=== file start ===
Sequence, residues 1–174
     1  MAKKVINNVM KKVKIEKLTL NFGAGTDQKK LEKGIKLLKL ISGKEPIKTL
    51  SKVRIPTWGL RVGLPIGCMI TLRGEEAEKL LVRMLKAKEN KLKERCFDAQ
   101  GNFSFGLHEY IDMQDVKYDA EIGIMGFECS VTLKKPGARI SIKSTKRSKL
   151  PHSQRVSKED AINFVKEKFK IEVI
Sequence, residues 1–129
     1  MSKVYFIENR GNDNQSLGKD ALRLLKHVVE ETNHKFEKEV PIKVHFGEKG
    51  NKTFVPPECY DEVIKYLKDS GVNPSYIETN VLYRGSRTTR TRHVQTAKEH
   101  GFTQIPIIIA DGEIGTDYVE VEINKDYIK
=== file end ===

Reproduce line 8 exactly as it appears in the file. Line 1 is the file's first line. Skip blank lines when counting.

    51  NKTFVPPECY DEVIKYLKDS GVNPSYIETN VLYRGSRTTR TRHVQTAKEH